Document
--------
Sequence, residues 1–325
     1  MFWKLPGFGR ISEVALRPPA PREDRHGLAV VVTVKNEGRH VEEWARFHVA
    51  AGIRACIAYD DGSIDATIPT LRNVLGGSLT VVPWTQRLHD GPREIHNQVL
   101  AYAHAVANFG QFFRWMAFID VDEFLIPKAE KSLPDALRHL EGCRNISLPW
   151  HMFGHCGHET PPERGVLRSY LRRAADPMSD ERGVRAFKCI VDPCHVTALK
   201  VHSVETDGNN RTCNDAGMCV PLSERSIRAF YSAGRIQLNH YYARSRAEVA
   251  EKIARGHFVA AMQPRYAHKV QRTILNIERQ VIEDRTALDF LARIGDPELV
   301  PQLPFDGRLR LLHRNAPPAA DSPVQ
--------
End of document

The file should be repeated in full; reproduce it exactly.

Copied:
Sequence, residues 1–325
     1  MFWKLPGFGR ISEVALRPPA PREDRHGLAV VVTVKNEGRH VEEWARFHVA
    51  AGIRACIAYD DGSIDATIPT LRNVLGGSLT VVPWTQRLHD GPREIHNQVL
   101  AYAHAVANFG QFFRWMAFID VDEFLIPKAE KSLPDALRHL EGCRNISLPW
   151  HMFGHCGHET PPERGVLRSY LRRAADPMSD ERGVRAFKCI VDPCHVTALK
   201  VHSVETDGNN RTCNDAGMCV PLSERSIRAF YSAGRIQLNH YYARSRAEVA
   251  EKIARGHFVA AMQPRYAHKV QRTILNIERQ VIEDRTALDF LARIGDPELV
   301  PQLPFDGRLR LLHRNAPPAA DSPVQ